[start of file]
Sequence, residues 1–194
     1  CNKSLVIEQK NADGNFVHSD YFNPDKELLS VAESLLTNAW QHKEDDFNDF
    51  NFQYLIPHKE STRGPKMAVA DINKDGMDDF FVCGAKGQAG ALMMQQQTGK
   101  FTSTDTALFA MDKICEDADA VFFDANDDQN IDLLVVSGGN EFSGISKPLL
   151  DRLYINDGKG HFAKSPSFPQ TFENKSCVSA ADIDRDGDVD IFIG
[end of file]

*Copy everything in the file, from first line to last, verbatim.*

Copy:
Sequence, residues 1–194
     1  CNKSLVIEQK NADGNFVHSD YFNPDKELLS VAESLLTNAW QHKEDDFNDF
    51  NFQYLIPHKE STRGPKMAVA DINKDGMDDF FVCGAKGQAG ALMMQQQTGK
   101  FTSTDTALFA MDKICEDADA VFFDANDDQN IDLLVVSGGN EFSGISKPLL
   151  DRLYINDGKG HFAKSPSFPQ TFENKSCVSA ADIDRDGDVD IFIG